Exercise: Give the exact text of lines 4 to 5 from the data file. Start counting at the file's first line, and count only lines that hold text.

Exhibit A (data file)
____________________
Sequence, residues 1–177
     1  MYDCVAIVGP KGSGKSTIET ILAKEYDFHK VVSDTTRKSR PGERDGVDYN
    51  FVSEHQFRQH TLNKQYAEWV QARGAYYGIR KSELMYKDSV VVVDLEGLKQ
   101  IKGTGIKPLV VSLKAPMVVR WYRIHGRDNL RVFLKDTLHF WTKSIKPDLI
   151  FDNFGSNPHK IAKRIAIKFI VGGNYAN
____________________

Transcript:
   101  IKGTGIKPLV VSLKAPMVVR WYRIHGRDNL RVFLKDTLHF WTKSIKPDLI
   151  FDNFGSNPHK IAKRIAIKFI VGGNYAN